New Visions Charter High School for the Humanities I

Grades: 9-12

Our Insights

What’s Special

Research projects, small classes

The Downside

Metal detectors

Housed in the mammoth John F. Kennedy High School Campus, the New Visions Charter High School for the Humanities (HUM) opened in 2011, along with a sister school that has a focus on math and science. They share the building with five other high schools. Humanities is safe and orderly, with strong leadership, but has a ways to go in getting graduates ready for college-level work.

Humanities (HUM) is part of the New Visions Charter High Schools network created by New Visions for Public Schools, a nonprofit organization that has worked to strengthen NYC public schools since 1989.

Lessons are designed to be relevant to students’ lives, involving teens in discussion and projects, rather than scripted lessons, according to curriculum published online. Ninth graders delve into themes such as identity and society, for example. They ponder questions like, How should students design their own government? Rather than always work from a textbook, they may work in pairs or groups to solve a real-life problem in math or science. Students three tackle anchor projects in the older grades, researching issues that affect their community, such as gang violence or interactions with police, according to the school website.

The New Visions network has eight charter schools and prides itself on small classes with an average of 20 students. The school day is from roughtly 8:30 am to 3:30 pm on Mondays, Tuesdays and Thursdays with shorter days on Wednesdays and Fridays. Ninth and 10thgraders must attend a summer program in August. 

Students who arrive with low skills take double subject periods in core academics in 9th and 10th grades, with a focus on reading, writing and speaking. In the first semester of senior year, students do six pieces of formal writing. HUM offers advanced placement courses, including AP US History and AP Spanish, as well as College Now courses. 

Additional classes prepare teens for jobs, such as engineering, graphic design, music engineering, web design, computer science and filmmaking. Health and medicine, and sociology, are offered as electives. Over a dozen sports teams and student clubs are offered after school, including basketball, football, track, gymnastics, volleyball, cheerleading, tennis, baseball, cooking, creative writing, homework help and more. 

HUM and AMS students enter the JFK building via a bridge on the fourth floor, avoiding the ground floor congestion, although they must pass through metal detectors.

Ninety-nine percent of students graduated within four years in 2019, exceeding the citywide average. Almost 60 percent earned test scores high enough to enroll at City University of New York without remedial help, compared to roughly 50 percent citywide.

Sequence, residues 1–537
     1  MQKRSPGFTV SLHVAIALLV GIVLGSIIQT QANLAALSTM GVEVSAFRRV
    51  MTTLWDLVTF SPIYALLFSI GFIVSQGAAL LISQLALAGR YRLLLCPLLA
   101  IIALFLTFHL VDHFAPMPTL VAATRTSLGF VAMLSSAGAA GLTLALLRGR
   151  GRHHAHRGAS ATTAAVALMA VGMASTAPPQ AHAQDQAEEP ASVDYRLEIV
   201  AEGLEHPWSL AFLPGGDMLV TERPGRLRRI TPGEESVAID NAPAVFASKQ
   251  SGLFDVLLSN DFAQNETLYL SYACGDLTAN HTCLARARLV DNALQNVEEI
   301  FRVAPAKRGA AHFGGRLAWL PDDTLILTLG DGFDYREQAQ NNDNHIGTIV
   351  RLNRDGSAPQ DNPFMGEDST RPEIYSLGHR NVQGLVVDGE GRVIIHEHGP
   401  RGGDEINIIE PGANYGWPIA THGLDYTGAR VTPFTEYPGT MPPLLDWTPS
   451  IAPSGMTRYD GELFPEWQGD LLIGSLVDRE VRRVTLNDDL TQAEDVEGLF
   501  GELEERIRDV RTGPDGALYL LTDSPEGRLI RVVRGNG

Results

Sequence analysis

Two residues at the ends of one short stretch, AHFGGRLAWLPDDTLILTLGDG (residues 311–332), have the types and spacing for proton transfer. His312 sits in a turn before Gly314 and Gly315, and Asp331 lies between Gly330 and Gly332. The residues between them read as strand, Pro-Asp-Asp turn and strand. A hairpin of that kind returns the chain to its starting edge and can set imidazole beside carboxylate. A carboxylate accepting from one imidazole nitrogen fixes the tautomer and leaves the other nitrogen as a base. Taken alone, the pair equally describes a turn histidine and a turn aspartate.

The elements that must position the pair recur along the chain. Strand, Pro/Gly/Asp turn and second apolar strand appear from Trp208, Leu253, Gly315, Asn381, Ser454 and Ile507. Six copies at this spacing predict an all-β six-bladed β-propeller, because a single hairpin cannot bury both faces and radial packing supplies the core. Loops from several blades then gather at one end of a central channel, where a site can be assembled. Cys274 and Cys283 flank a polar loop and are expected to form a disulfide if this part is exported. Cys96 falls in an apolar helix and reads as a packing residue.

ADMISSIONS: By lottery. Students must fill out an application typically by April 1st. Applications received after the deadline will automatically be placed on a waitlist. Admissions ongoing until all seats are filled. Email [email protected] or visit for more information. [photo courtesy New Visions] (Lydie Raschka, school data and email correspondence, January 2020)




School Stats


How many students graduate in 4 years?
How many students with disabilities graduate in 4 years?
How many English language learners graduate in 4 years?
Average daily attendance
How many students miss 18 or more days of school?
How many parents of students with disabilities say this school offers enough activities and services for their children's needs?
How many parents of students with disabilities say this school works to achive the goals of their students' IEPs?
From the 2020-21 School Quality Guide and 2020-21 NYC School Survey


Number of students
624 Citywide Average


Low-income students
Students with disabilities
Multilingual learners
From the 2020-21 Demographic Snapshot

Safety & Vibe

How many students were suspended?
How many students say they feel safe in the hallways, bathrooms and locker rooms?
How many students think bullying happens most or all of the time at this school?
How many students say that some are bullied at their school because of their gender or sexual orientation?
From the 2020-21 NYC School Survey and 2019-20 NY State Report Card

Faculty & Staff

How many teachers say the principal is an effective manager?
Years of principal experience at this school
7 Citywide Average

Teachers’ Race/Ethnicity

How many teachers have 3 or more years of experience teaching?
From the 2020-21 NYC School Survey, 2020-21 School Quality Guide, 2019-20 NY State Report Card, 2021 Guidance Counselor Report and this school's most recent Quality Review Report

College Readiness

How many students graduate with test scores high enough to enroll at CUNY without remedial help?
How many students take a college-level course or earn a professional certificate?
From the 2020-21 School Quality Guide
From the 2020-21 FAFSA data released by Federal Student Aid, brought you by
For more information about our data sources, see About Our Data · More DOE statistics for this school

Contact & Location


99 Terrace View Avenue, 3rd Floor
Bronx NY 10463

Trains: 1 Line to Marble Hill-225th St

Buses: Bx1, Bx10, Bx2, Bx20, Bx7, Bx9, M100


Principal: Magaly I Hicks


Other Details

Shared campus? Yes

This school shares the John F. Kennedy Educational Campus with six other schools

Uniforms required? No
Metal detectors? Yes

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